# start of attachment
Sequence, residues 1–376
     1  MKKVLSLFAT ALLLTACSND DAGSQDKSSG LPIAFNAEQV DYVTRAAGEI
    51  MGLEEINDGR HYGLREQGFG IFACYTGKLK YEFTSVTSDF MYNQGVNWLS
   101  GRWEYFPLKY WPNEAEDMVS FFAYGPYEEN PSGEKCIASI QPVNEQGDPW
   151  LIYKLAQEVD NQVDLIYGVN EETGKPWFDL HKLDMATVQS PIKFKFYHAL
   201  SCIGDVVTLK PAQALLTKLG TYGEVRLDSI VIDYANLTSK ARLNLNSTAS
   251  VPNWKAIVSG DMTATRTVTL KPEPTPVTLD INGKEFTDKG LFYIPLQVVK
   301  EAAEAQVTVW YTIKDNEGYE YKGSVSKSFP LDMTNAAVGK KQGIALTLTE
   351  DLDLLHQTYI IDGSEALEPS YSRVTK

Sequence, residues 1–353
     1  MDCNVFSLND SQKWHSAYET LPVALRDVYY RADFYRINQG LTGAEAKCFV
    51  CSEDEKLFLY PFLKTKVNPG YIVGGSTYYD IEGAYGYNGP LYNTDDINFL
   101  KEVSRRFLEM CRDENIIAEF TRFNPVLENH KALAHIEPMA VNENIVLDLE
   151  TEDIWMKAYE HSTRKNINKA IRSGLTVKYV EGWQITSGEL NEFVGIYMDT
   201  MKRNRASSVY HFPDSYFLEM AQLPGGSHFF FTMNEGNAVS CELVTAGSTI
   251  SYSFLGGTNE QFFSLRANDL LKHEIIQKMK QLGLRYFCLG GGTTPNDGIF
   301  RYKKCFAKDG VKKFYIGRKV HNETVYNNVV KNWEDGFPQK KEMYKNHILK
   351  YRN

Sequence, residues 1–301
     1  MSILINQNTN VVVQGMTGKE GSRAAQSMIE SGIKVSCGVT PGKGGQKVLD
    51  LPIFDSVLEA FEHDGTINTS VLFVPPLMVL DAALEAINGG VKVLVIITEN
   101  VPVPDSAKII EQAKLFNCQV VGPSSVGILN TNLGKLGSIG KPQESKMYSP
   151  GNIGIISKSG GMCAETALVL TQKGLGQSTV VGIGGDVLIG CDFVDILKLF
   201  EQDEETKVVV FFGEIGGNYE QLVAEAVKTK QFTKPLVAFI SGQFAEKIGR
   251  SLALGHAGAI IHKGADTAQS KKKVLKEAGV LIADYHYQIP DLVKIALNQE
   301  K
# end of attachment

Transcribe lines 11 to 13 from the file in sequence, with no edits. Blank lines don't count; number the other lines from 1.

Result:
     1  MDCNVFSLND SQKWHSAYET LPVALRDVYY RADFYRINQG LTGAEAKCFV
    51  CSEDEKLFLY PFLKTKVNPG YIVGGSTYYD IEGAYGYNGP LYNTDDINFL
   101  KEVSRRFLEM CRDENIIAEF TRFNPVLENH KALAHIEPMA VNENIVLDLE